No, Garth Glissman didn’t make Husker history. Academically, though, he received the Glenn Gray Memorial Award as the top undergraduate majoring in … history.

If Glissman didn’t dazzle on the court or the field, he surely starred in the classroom – in four years of college courses, all A’s. (He is still disappointed about two A-minuses.) But before entering law school, he decided to take a gap year.

In 2005-06, Glissman taught American history at a different Eastern academy, Salisbury School in Connecticut, an all-boys boarding school. He was the varsity quarterback coach and co-head coach of the JV team, as well as the JV head basketball coach.

“In hindsight,” he said, “seeds were sown that year that led to where I am now. I fell in love with basketball again.”

He could have attended almost any law school but returned to Nebraska, living with his parents to save money. “I wanted to live and work in Nebraska. I had the goal of someday entering public service. If my heart was in Nebraska, I thought that’s where I should go to law school.”

His main hobby in those years, no surprise, was sports. Chris Schmidt, who hosted a Lincoln radio show called “Hail Varsity,” invited him on regularly to chat about sports. That led to their broadcasting high school games, with Glissman as color commentator.

And that led to his receiving an offer in 2008, while still in law school, to become the boys basketball head coach (as a volunteer) at College View Academy, a small high school in Lincoln.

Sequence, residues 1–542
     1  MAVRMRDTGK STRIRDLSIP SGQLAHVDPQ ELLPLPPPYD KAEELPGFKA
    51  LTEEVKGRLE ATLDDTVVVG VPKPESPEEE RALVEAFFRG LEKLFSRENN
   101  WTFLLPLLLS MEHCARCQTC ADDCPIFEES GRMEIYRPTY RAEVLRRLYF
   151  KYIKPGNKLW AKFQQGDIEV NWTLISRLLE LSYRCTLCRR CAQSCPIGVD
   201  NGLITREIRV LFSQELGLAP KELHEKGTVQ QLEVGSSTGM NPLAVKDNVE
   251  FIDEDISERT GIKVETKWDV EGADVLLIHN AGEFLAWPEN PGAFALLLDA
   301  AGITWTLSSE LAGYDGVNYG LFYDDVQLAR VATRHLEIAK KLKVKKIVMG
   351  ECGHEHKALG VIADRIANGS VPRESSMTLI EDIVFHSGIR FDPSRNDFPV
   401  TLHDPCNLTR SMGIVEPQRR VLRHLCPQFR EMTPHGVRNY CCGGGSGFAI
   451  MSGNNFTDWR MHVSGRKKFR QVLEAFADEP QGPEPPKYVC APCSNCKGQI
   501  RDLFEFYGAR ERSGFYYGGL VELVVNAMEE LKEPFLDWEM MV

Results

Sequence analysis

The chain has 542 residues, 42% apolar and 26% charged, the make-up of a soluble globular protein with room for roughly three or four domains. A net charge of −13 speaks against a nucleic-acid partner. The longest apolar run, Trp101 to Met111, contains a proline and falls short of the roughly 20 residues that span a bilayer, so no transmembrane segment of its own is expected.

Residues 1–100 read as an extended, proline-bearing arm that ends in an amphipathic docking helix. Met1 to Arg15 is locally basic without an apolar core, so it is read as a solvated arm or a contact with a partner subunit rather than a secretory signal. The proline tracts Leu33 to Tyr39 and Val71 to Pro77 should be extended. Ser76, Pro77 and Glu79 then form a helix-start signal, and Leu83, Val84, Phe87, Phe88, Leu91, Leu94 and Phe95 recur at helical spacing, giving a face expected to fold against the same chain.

Meanwhile, Glissman received another big academic honor in ’08 – the Ted Sorensen Fellowship, named for President John F. Kennedy’s adviser and speechwriter, who was from Lincoln. It is given to a third-year law student who “as voted on by the law school faculty, best represents academic excellence and commitment to public service.” (Glissman had two meetings with Sorensen, who died in 2010.)

After law school graduation in 2009, Glissman accepted an offer from Omaha’s biggest law firm, Kutak Rock, which has hundreds of attorneys in 14 states and Washington, D.C. His practice focused on complex commercial disputes, sometimes representing Fortune 500 companies, as well as on governmental issues.

Bart McLeay, then head of the litigation department and still an attorney with the firm, said Glissman is highly ethical and made an early impact. “He is one of the kindest people I have ever met, and was one of the most well-liked and respected lawyers in the firm in all my decades here. He has a gentle personality but at the same time, he’s ‘in a case to win a case.'”

McLeay and Glissman represented a corporate client in a six-week California jury trial that required weekly travel from Omaha. “Garth was a very capable second-chair lawyer,” McLeay said. “The client loved him, and we prevailed.”

Along the way, Glissman met Katie, a former volleyball setter at Gross Catholic High School and Morningside College and a member of the Abrahams Kaslow & Cassman law firm. They were introduced at a bar meeting – so to speak. Actually, at a bar in Omaha’s Old Market.

Glissman had coached at College View for four years and then four more at Parkview Christian School, leading the latter to its first state tournament appearance in the school’s 36-year history.

In fall of 2015, the NBA contacted him after seeing his resume on LinkedIn, the online professional networking website. Meanwhile, Glissman became a partner at Kutak Rock, a big step in a lawyer’s career. He coached Parkview in 2015-16, quietly continuing talks with the pro league.

After a big win one night, he went home for a two-hour nap before catching an early flight to New York to meet NBA folks. That spring, May of 2016, he resigned at Kutak Rock, leaving a rising career at 34.